From Vincent Lopez's group came Marion Hutton, who added enthusiasm and energy in her performances. On September 7, 1938, the band made their first recordings, "My Reverie", "King Porter Stomp" and "By the Waters of Minnetonka", in two parts. Keeping up radio dates, Miller was only booked for 1 more session the rest of the year. In March 1939, the Glenn Miller Orchestra was given its big break, when they were chosen to play the summer season at the prestigious Glen Island Casino located on the north shore of Long Island Sound in New Rochelle, New York. Frank Dailey, manager of The Meadowbrook Ballroom in Cedar Grove, New Jersey booked the band for a four-week stay in March and April, before Glen Island; the band was well-received and within days Dailey picked up a three-week extension offer. During this time, Bluebird recording dates became more common and Glenn added drummer Maurice Purtill and trumpeter Dale "Mickey" McMickle to stabilize personnel. Opening at Glen Island on May 17, 1939, the casino's radio broadcast antenna ensured the Miller band was heard around the country.
In late August, the end of their summer season, they had nationwide attention. George T. Simon and one-time drummer for Miller, spoke of the Glen Island broadcasts: Glen Island was the prestige place for people who listened to bands on radio; the band's first semi hit, "Little Brown Jug", came out. That helped, and the clarinet lead in Glenn's arrangements was such a romantic sound! It caught the public fancy during this exposure. Miller began ending his broadcasts from Glen Island with his "Something Old, Something New" medleys, but the most important thing for Glenn's success was that he recorded "In the Mood" while he was at the casino. That made him the Michael Jackson of his day. Capitalizing on newfound popularity, Miller decided to add a trombone and a trumpet, giving the band a fuller sound. On April 4, 1939, Miller and his orchestra recorded "Moonlight Serenade". Considered one of the top songs of the swing era, Miller's best composition, it soon became the theme song to start and end all of his radio performances.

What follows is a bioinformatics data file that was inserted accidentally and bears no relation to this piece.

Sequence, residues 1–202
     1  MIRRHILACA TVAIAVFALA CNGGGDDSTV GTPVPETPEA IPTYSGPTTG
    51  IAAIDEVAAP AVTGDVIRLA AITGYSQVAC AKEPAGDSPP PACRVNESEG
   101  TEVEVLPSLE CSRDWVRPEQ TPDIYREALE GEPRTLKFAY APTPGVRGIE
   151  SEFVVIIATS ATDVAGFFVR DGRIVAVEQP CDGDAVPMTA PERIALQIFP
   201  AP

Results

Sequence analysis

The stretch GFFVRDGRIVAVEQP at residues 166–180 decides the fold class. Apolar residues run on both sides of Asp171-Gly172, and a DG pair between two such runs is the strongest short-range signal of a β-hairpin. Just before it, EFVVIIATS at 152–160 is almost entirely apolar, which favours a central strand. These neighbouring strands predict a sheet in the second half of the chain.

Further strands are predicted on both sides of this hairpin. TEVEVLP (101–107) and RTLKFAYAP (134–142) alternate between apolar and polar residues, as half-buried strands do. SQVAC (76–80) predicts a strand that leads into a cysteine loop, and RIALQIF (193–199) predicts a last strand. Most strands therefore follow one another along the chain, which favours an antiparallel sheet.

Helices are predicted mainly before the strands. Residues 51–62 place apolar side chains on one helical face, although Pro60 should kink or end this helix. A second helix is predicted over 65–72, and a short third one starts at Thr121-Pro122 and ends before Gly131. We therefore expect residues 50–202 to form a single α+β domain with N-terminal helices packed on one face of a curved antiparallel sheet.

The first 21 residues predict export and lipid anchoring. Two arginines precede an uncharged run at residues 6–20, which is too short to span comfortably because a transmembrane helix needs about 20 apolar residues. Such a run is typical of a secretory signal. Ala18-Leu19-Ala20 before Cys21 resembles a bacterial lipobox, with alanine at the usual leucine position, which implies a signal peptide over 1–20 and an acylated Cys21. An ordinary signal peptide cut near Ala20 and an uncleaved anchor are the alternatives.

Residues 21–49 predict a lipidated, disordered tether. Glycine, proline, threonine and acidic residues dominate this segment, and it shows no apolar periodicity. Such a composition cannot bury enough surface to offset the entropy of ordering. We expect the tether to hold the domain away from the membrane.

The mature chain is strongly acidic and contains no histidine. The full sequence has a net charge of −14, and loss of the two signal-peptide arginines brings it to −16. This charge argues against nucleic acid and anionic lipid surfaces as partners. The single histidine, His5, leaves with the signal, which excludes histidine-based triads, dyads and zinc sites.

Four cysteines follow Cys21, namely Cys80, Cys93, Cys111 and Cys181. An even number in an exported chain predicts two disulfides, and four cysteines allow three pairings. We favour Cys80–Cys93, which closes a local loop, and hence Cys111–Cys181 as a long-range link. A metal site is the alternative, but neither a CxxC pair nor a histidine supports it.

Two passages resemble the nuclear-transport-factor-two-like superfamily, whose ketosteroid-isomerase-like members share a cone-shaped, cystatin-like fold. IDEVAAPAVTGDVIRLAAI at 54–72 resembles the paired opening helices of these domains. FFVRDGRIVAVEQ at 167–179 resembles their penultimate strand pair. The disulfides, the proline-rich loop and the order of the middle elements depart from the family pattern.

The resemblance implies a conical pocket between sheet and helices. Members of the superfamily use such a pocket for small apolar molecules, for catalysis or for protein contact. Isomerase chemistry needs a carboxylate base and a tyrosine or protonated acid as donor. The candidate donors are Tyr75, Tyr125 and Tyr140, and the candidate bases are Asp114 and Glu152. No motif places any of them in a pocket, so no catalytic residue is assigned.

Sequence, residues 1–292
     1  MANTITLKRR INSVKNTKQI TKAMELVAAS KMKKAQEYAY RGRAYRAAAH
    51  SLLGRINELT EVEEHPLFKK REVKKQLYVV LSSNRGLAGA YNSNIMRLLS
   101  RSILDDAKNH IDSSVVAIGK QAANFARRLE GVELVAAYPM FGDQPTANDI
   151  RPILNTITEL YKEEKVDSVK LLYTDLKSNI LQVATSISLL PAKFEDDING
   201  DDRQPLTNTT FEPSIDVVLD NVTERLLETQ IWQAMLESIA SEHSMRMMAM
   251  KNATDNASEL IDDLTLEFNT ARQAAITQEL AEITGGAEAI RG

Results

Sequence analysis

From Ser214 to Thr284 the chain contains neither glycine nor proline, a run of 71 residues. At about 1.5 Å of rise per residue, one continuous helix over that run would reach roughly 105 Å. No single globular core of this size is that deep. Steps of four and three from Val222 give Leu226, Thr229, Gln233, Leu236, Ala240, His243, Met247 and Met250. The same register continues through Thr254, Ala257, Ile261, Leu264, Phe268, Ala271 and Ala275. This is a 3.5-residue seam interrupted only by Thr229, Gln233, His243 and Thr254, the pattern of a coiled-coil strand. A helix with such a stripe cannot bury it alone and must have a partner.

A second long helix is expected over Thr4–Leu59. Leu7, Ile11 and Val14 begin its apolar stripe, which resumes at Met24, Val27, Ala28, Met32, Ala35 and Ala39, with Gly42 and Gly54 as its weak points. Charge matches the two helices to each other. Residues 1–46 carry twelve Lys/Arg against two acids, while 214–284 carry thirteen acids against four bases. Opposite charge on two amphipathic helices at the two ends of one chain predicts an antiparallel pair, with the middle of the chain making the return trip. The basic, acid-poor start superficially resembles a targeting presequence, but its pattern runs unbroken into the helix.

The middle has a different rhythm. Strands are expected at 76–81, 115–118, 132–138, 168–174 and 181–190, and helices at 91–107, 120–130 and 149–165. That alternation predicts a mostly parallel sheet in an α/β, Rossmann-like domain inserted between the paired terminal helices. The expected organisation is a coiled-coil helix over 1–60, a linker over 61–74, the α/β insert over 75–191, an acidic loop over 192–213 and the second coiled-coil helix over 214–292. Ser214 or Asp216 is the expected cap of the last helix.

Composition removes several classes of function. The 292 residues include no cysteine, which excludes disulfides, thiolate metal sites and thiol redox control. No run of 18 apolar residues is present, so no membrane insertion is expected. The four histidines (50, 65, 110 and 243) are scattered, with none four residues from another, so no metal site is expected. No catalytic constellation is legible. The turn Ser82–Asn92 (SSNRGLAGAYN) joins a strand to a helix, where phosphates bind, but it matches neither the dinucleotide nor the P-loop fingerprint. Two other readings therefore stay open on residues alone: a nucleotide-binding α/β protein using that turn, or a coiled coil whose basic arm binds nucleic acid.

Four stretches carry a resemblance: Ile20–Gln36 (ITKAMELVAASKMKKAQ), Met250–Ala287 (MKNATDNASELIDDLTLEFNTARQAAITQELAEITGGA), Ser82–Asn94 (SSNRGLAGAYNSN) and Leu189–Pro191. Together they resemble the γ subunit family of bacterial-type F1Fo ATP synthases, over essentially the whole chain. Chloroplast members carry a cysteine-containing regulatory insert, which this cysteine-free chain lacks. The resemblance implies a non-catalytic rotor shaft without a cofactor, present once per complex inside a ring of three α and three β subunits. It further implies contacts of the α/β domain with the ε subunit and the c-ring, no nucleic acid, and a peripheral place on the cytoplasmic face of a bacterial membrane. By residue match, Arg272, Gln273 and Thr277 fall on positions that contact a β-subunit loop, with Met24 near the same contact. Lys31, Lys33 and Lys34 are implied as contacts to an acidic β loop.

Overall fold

Miller's most popular track "In the Mood" was recorded August 1, 1939. Famous for its opening and bass riffs as well as its "dueling" saxophone solos between Tex Beneke and Al Klink, the song hit number one on the Billboard charts, staying for a total of 30 weeks. Joe Garland compiled the song from riffs he'd heard in other songs, is credited on the label. Elements of "In the Mood" can be found in earlier jazz recordings, such as Jimmy O'Bryant's "Clarinet Getaway", Wingy Manone's "Tar Pa
MusicBrainz is a project that aims to create an open data music database, similar to the freedb project. MusicBrainz was founded in response to the restrictions placed on the Compact Disc Database, a database for software applications to look up audio CD information on the Internet. MusicBrainz has expanded its goals to reach beyond a compact disc metadata storehouse to become a structured open online database for music. MusicBrainz captures information about artists, their recorded works, the relationships between them. Recorded works entries capture at a minimum the album title, track titles, the length of each track; these entries are maintained by volunteer editors. Recorded works can store information about the release date and country, the CD ID, cover art, acoustic fingerprint, free-form annotation text and other metadata; as of 21 September 2018, MusicBrainz contained information about 1.4 million artists, 2 million releases, 19 million recordings. End-users can use software that communicates with MusicBrainz to add metadata tags to their digital media files, such as FLAC, MP3, Ogg Vorbis or AAC.